Though Linux is my desktop of choice, some of my programming tasks require me to run other operating systems. Rather than have multiple machines running various operating systems and/or a single machine with several boot partitions, I have in the past opted for virtualizing these other operating systems using VirtualBox under Linux. That is, until recently, when I switched from using VirtualBox to KVM/QEMU. There’s nothing wrong with VirtualBox, but for what I do, KVM made more sense. And since I’m running ZFS under Linux, using a zvol for the operating systems seemed a natural fit.
Creating a Windows 7 KVM/QEMU guest on a zvol under Linux is easy. First, create the zvol:
zfs create -p -V 60G rpool/kvm/windows7/disk0
This will create a 60GB zvol named windows7 in dataset kvm in the zpool named rpool. You can of course substitute the zpool/dataset names as you see fit.
With the zvol created, insert a copy of Windows 7 into your CD drive and create the guest:
qemu-system-x86_64 -enable-kvm -m 8192M -cpu host -drive file=/dev/zvol/rpool/kvm/windows7/disk0 -cdrom /dev/cdrom -boot d -smp 2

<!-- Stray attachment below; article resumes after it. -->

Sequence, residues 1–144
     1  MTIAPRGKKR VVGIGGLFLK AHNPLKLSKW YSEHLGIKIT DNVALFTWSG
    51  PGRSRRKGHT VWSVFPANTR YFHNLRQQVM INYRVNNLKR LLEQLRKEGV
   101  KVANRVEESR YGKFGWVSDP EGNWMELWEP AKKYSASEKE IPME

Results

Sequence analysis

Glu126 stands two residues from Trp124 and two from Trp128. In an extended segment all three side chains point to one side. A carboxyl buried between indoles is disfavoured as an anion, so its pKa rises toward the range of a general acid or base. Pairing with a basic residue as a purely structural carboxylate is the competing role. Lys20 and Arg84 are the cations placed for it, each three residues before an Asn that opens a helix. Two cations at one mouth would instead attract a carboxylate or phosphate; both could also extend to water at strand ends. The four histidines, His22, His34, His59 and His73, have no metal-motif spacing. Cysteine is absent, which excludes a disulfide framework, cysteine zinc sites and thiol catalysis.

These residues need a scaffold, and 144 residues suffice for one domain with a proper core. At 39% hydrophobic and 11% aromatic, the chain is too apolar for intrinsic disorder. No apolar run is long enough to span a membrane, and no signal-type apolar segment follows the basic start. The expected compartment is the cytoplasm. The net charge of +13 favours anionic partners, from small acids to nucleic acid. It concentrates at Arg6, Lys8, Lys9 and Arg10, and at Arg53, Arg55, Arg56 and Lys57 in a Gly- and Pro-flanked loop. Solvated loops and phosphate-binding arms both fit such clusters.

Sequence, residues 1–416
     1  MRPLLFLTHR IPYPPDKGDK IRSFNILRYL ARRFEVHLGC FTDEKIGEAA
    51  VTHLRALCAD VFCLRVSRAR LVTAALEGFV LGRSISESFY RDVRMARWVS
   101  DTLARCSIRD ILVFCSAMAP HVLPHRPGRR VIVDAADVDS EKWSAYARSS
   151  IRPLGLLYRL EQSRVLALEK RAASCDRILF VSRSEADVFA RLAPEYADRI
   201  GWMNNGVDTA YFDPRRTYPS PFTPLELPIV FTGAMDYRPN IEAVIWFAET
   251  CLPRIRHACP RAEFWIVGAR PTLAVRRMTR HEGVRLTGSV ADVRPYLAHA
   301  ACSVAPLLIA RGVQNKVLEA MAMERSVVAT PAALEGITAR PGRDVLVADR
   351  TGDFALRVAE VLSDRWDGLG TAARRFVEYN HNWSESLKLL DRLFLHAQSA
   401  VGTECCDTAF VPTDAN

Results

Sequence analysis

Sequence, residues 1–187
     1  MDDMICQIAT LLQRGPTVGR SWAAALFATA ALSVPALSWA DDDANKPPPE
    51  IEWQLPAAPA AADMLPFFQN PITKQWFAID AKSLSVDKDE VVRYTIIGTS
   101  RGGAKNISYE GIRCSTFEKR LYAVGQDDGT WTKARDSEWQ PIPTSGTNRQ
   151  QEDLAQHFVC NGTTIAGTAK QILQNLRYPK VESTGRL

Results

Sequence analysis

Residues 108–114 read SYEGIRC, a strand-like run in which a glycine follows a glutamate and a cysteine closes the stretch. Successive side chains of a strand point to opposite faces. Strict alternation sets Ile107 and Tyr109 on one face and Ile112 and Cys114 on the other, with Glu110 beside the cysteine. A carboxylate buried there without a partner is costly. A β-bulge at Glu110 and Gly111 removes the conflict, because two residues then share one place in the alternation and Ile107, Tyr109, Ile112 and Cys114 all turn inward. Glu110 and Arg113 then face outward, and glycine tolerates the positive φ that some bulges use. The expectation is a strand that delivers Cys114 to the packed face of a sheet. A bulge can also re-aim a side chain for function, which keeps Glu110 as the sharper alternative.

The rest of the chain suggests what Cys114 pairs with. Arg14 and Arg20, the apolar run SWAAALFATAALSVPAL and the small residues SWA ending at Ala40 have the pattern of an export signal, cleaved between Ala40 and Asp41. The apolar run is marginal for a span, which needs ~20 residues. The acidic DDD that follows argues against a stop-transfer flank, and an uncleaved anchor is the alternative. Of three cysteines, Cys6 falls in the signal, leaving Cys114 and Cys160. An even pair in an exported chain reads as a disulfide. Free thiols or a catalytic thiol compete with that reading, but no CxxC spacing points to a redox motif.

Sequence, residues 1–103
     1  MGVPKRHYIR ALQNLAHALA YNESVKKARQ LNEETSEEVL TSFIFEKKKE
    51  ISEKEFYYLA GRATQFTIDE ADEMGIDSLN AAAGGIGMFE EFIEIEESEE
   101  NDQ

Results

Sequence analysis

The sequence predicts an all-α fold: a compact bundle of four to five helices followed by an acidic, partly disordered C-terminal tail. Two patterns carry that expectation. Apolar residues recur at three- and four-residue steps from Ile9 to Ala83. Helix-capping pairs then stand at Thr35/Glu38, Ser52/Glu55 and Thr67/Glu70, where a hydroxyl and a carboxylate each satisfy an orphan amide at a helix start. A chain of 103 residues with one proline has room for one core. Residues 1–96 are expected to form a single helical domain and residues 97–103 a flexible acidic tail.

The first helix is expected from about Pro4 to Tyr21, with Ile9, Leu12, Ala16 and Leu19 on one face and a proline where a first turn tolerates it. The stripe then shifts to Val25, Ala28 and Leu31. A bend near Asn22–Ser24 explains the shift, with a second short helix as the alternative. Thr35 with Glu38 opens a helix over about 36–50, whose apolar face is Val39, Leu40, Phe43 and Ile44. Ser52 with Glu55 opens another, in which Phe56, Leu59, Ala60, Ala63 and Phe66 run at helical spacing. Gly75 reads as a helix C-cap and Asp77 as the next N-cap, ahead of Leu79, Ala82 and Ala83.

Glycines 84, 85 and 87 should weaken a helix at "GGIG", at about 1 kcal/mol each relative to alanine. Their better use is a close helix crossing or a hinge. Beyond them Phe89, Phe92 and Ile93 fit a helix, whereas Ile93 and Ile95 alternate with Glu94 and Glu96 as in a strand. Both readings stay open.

With any luck, qemu will start the Windows 7 installation. Just follow the instructions as you would a normal Windows installation.
Once installation is complete, you can use this command to start the Windows 7 guest:
qemu-system-x86_64 -enable-kvm -m 8192M -cpu host -drive file=/dev/zvol/rpool/kvm/windows7/disk0 -netdev user,id=vlan0 -net nic,model=e1000,netdev=vlan0 -smp 2
This will give your Windows 7 VM a network using DHCP, in which you can communicate from the VM to the outside world, but not the other way around. If you wish to be able to access your VM from the outside, you will need to use bridge networking instead, which you can read about in my future post.
That’s all there is to it!
Note that the -cpu host option is critical – if you forget it, the installation will give you the dreaded BSOD with a STOP 0x0000005D error. And to use the -cpu host option, you must also specify the -enable-kvm option.
If you’d prefer to install to an image file rather than a zvol, you can do that simply by creating the image using QEMU and then substituting the image file for the zvol:
qemu-img create -f qcow2 windows7.img 60G
qemu-system-x86_64 -enable-kvm -m 8192M -cpu host -drive file=windows7.img -cdrom /dev/cdrom -boot d -smp 2